"Where does Australia stand in all this? Our 20 million make us the 53rd biggest country by population and give us a share of the world population of less than a third of 1 per cent. But we have the 16th largest economy in the world with a 1.1 per cent share of global GDP that's four or five times larger than our share of population. Why are we rich even though we're not big? Because we have a high level of productivity. That is, we're able to produce a lot of goods and services per person. Why are we so productive? Because we have a relatively highly educated workforce (human capital), because our workers have a lot of machines to work with (physical capital) and because we have up-to-date machines and know how to work them (advanced technology). We also own a lot of valuable natural resources."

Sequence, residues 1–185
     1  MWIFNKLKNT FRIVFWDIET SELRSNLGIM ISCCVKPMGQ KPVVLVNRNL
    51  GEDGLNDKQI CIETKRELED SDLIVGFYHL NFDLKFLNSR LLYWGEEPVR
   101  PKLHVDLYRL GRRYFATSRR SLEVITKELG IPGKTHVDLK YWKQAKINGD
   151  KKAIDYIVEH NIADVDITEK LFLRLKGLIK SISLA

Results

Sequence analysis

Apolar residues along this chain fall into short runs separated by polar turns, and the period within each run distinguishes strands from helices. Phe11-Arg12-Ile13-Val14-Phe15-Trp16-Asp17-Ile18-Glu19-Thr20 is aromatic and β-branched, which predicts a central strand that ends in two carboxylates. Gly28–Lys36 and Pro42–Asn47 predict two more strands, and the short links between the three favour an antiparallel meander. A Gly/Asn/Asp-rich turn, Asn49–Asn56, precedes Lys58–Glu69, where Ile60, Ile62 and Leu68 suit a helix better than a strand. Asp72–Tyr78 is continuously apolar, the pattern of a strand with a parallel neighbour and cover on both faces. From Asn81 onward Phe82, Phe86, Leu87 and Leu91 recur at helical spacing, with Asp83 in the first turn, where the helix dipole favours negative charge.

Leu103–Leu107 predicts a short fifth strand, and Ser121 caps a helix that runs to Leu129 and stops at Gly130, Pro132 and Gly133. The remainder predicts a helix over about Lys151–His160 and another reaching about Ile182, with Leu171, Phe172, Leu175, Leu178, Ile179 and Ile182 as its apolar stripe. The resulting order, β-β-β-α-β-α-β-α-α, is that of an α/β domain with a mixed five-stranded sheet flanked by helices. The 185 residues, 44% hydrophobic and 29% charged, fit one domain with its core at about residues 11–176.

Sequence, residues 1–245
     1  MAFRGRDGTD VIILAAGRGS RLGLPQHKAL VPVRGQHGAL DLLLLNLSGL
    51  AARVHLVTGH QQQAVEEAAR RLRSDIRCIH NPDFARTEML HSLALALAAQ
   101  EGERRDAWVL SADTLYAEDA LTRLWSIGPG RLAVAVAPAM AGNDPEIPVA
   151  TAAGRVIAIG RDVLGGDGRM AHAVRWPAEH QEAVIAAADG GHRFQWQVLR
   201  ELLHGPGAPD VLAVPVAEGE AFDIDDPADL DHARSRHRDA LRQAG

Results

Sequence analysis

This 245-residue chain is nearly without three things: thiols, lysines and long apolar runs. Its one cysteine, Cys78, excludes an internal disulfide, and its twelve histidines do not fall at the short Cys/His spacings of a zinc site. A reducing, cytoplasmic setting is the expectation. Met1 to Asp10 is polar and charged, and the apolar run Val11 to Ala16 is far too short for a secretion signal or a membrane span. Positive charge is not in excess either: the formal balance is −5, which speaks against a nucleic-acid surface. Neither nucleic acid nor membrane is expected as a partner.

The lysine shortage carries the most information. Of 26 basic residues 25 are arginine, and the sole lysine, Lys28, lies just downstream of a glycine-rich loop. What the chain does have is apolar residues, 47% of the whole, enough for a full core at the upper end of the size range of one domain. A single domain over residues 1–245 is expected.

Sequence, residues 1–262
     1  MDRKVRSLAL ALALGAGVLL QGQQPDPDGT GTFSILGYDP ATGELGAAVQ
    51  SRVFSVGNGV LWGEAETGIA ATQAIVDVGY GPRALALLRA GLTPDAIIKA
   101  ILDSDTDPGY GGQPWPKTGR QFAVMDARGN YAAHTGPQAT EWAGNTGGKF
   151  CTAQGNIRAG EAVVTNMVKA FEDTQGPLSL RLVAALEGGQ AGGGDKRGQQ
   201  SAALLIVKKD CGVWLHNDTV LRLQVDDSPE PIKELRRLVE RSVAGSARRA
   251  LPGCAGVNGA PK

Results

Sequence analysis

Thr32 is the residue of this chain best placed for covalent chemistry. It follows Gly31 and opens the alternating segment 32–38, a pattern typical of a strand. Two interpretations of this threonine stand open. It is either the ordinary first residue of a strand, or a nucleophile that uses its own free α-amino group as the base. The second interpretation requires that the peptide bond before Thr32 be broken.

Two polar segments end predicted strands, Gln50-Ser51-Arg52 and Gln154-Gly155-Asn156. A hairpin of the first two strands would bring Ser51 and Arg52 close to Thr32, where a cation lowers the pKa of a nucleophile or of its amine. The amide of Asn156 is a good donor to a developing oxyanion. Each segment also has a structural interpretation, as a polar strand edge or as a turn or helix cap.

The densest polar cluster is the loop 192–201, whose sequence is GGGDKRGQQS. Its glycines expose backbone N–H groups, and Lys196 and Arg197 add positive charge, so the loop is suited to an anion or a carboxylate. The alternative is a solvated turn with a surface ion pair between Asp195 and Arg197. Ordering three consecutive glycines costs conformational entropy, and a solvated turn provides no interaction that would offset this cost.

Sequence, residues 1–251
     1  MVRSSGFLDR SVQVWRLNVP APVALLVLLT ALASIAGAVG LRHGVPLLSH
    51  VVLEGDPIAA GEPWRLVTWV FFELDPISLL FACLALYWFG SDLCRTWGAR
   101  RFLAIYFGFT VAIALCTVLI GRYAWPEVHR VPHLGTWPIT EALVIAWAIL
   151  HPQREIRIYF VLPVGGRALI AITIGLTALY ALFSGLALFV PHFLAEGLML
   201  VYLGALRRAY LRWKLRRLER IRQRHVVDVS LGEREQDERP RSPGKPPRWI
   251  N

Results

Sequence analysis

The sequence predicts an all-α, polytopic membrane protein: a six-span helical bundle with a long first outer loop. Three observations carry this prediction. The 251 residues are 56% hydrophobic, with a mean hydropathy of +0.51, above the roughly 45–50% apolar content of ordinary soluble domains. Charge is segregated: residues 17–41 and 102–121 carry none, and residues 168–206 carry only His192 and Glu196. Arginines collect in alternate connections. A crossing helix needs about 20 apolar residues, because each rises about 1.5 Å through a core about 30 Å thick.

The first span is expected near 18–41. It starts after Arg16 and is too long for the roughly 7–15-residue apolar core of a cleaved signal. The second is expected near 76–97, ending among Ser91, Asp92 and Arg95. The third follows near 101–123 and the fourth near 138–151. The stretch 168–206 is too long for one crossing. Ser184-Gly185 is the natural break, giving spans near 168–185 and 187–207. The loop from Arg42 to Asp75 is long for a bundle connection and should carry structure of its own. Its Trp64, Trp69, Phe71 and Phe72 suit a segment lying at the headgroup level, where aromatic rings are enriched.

It is that last, almost parenthetical, throw-away sounding, qualifier that struck me, particularly given my well table-pounded apocalyptic (and problably way too early) hue and cry about the dot.commodity bubble. He says that Australia is rich because we are so productive.

Productivity is simply the average of our outputs divided by the average of our hourly wages (look, I am NOT an economist but this is pretty close enough for the argument). Australia's greatest outputs are our resources. When those output values are determined by a skewed effect related more to greater demand that available supply (do I really have to cite all my prior post about that?), we end up with a highly skewed and misleading picture of productivity.

But given the Yoda Greenspan proclivity to measure US productivity in a way that is also misleading given the wage-cost deflation of China and India, and the monopoly-boosted output of the IP behind the pc software and chip sectors, at least Mr Gittens is in good company on this one.

Well, as I said, I ain't no economist and I'm sure I got an "F" on this report. Make sure you read the "bio" above: "this is all personal OPINION and, no matter how vigorously expressed, not advice, investment or otherwise. I think, therefore I spam."

PS: did the eyecandy and imagery keep your eyes from rolling back in their sockets thru all this detail? Hope so.